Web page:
Mr. Westâs primary subject matter remains himself, both his internal life and his external character. On âPablo,â there is genuine pathos on âReal Friendsâ (âWhen was the last time I remembered a birthday?/When was the last time I wasnât in a hurry?â) and âNo More Parties in LA.â On â30 Hours,â over a frail Arthur Russell sample, he raps about how hard he used to work for love, or something like it. And on âFather Stretch My Hands Pt. 2,â he recalls the family problems that steered him off course, and tries to make amends: âUp in the morning, miss you bad/Sorry I ainât called you back/Same problem my father had.â Also the Christian streak that runs through the work of Chance the Rapper, J. Cole and Kendrick Lamar â the one that Mr. West is a progenitor of, dating back to âJesus Walksâ â is here on âUltralight Beamâ and âFather Stretch My Hands Pt. 2.â
This sort of vulnerability usually comes without self-awareness, but Mr. West can be whispering dark fears one minute, then beating his chest with pride the next â even his exaggerations are intimate acts. Here is a guy who slips a rhyme and hubris exercise like âI Love Kanyeâ in the middle of his album, an interlude thatâs also a rant thatâs also a barometer of public opinion thatâs also a wink: âWhat if Kanye made a song about Kanye/Called âI Miss the Old Kanye?â/Man thatâd be so Kanye.â
âFactsâ is an elongated tirade against Nike, the sneaker company he once collaborated with, before Adidas offered him a boatload of money and creative freedom. The delirious âHighlights,â featuring Young Thug, is a tabloid boast about Mr. Westâs extended family â his wife is Kim Kardashian â calling them âthe new Jacksons.â And âFamousâ is vintage West braggadocio, full of spite and cheek, though the conversation about that song has been limited to its mention of Taylor Swift: âI feel like me and Taylor might still have sex/Why? I made that bitch famous.â
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Scenes From Kanye Westâs Yeezy Season 3 Show
Scenes From Kanye Westâs Yeezy Season 3 Show
CreditDamon Winter/The New York Times
The line is both tacky and hilarious, a piece of celeb-slash-fiction thatâs both casual boast and extravagant provocation. (Depending on whom you believe, Ms. Swift either did or did not sign off on this line.) Ms. Swift and Mr. West healed their yearslong feud last year, but Mr. Westâs willingness to rap about her in this way is a reminder that nothing is more important to him than his right to his excesses.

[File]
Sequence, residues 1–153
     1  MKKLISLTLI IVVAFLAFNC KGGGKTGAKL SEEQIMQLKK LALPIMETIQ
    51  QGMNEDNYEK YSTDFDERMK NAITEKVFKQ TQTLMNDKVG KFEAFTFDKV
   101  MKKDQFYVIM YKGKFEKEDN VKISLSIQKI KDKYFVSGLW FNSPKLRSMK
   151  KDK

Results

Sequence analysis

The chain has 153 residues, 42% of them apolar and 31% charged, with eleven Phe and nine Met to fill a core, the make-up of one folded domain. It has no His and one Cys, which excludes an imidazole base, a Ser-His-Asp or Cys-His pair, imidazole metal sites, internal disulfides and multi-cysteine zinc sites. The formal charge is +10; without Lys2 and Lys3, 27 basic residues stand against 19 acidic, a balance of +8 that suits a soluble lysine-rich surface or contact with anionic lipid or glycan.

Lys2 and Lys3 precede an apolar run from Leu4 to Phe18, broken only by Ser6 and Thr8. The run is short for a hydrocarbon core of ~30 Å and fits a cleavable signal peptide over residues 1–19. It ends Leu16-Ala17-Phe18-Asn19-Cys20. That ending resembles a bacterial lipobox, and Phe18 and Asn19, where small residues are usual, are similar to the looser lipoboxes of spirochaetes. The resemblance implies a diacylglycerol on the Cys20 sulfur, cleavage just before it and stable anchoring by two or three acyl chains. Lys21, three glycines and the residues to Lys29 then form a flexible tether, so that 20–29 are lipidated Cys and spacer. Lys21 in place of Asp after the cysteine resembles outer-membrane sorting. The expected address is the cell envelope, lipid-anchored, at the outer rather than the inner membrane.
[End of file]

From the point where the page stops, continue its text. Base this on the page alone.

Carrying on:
That is true in the music on this album, as well. Like many West albums, âPabloâ is a group effort. Itâs also a hybrid of approaches. âFactsâ suggests he has fully internalized Drake and Futureâs âWhat a Time to Be Aliveâ (as do the collaborations with the Brooklyn rapper Desiigner, a new signee to Mr. Westâs label who raps with the callous distance of Future). âFeedbackâ and âFadeâ show a comfort with accelerated tempos, while the digital steam bath on âFather Stretch My Hands Pt. 1â and â30 Hoursâ accentuates Mr. Westâs softer side.
Whatâs also striking on âPabloâ is the way in which Mr. West steadily induces others to greatness (to say nothing of getting them to work on his clock). He has Rihanna singing Nina Simone lyrics on âFamous,â AndrÃ© 3000 doing some fuzzy crooning on â30 Hours,â Frank Ocean delivering signature stoic cool on âWolves.â The verse from Kendrick Lamar on âNo More Parties in LAâ might be the most striking of the year thus far, were it not for the one Chance the Rapper delivers on âUltralight Beam,â a master class in texture, content and form.
There are places on this album where Mr. West raps with that sort of fervor, but more often he is showing restraint. On his earlier albums, he agitated to be heard, and that was reflected in his manic rapping. These days, his anxieties are elsewhere â can he establish himself as a key player in fashion? Can he infiltrate the tech world? Can he make a hotel in his image?
Now his rapping is sparser, more pointed, less imagistic and more emotional. And when he truly needs to be heard, he can corral a dream team of collaborators. Heâs so fluent that he can use others to speak for him, and be understood clear as day.